The Magic 8-ball was conceptualized by Albert C. Carter in 1944 (originally as the “Syco-Seer”) as an homage to his fortune-teller mother. I see it as a meta-prophecy about delegating personal decisions to the powers of the unknown.
I was inspired to find the modern-day parallels to the fortune-telling from Carter’s time. Whether you’re scrolling your social media timeline or playing chess against Deep Blue, algorithms are a black box of decisions, inaccessible to the public and sometimes hardly known by their engineers. Algorithms and 8-balls are making decisions that we can’t consciously control. And thus, the concept of algorithmic mysticism was born.
Much like the Magic 8-Ball, the function of the A.I.tball is to make decisions for the user.
The original 8-Ball is built from an oversized billiards ball containing an embedded cylinder filled with blue liquid and an icosahedron (20-sided die) with 10 affirmative, 5 non-committal, and 5 negative answers. In re-constructing the device, my professor and I sawed the ball in half to replace the cylinder and icosahedron with an LCD, battery, and microcontroller, along with a bit of Arduino code to make an accelerometer trigger the decision-making algorithm.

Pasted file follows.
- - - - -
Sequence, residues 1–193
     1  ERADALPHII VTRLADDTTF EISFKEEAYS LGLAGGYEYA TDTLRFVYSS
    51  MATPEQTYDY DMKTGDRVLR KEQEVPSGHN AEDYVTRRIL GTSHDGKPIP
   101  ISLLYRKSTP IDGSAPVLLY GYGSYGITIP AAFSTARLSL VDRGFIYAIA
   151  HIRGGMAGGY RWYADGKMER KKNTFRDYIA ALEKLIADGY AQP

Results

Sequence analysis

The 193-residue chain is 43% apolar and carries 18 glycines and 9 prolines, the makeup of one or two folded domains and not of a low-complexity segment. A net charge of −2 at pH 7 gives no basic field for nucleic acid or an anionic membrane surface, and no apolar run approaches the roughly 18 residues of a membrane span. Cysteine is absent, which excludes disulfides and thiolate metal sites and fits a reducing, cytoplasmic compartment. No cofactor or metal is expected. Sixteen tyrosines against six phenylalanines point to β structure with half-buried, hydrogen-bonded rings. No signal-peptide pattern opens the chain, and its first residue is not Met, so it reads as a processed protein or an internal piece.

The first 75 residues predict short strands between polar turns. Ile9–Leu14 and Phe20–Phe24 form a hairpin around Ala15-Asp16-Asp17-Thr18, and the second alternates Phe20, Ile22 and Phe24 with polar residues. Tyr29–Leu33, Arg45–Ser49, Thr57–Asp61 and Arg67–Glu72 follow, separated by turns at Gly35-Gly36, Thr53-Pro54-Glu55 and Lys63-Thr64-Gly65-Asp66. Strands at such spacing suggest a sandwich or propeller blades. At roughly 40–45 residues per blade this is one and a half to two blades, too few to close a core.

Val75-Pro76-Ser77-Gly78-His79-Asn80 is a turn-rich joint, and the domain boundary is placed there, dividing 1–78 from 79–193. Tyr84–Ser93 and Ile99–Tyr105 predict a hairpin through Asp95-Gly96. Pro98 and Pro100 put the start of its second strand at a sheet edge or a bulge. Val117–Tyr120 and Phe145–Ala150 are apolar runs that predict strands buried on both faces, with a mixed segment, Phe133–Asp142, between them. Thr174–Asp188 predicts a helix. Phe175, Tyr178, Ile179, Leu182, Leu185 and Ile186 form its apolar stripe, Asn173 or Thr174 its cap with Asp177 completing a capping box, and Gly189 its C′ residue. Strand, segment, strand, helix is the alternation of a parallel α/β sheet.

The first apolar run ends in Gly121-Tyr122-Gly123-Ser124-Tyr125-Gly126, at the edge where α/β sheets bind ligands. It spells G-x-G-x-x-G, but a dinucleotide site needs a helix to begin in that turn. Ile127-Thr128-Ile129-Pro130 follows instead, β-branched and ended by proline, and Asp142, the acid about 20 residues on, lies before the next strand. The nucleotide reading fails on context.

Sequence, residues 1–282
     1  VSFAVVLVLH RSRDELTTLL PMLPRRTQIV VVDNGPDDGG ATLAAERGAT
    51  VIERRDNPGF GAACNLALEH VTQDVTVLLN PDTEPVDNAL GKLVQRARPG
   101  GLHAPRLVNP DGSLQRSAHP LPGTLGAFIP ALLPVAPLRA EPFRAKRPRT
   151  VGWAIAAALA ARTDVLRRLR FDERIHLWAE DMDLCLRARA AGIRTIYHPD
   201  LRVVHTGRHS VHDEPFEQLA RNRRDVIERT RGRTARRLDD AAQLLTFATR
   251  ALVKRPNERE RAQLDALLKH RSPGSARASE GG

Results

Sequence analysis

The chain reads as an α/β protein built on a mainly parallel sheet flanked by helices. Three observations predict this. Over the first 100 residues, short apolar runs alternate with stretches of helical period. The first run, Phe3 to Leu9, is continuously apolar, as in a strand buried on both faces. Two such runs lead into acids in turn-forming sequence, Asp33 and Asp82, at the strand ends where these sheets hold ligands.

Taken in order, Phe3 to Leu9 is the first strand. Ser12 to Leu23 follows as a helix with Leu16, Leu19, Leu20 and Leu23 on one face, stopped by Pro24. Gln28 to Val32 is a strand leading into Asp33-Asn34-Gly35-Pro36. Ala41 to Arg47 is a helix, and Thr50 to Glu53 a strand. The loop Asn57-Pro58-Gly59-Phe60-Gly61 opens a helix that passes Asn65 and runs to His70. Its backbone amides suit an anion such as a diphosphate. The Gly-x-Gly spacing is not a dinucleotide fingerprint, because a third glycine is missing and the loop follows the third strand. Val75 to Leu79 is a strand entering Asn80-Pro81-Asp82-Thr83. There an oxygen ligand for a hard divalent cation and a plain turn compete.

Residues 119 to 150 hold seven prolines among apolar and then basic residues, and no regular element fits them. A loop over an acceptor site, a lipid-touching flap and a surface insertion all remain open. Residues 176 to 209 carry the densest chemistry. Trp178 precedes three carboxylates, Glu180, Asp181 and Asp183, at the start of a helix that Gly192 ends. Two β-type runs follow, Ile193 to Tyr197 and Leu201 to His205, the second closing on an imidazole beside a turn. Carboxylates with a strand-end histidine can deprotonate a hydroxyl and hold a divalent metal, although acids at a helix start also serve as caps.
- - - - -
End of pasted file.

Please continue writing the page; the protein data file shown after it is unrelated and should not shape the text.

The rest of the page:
The A.I.tball is based on a concept from Bruno Latour’s Where Are the Missing Masses? wherein he explored the morality present in objects, delving into the agency and morality in decisions made by people and objects, or as he defines them: humans, non-humans, figures, and signs. Continuing this discussion, the A.I.tball asks: What changes when humans are removed from decision-making? If a device is making decisions based on a user's data, which party is responsible for the decision?
Without falling too deep down the rabbit hole of AI sentience, the A.I.tball is intended to make the user question their agency in a world that is evermore driven by algorithms they are unwittingly contributing to.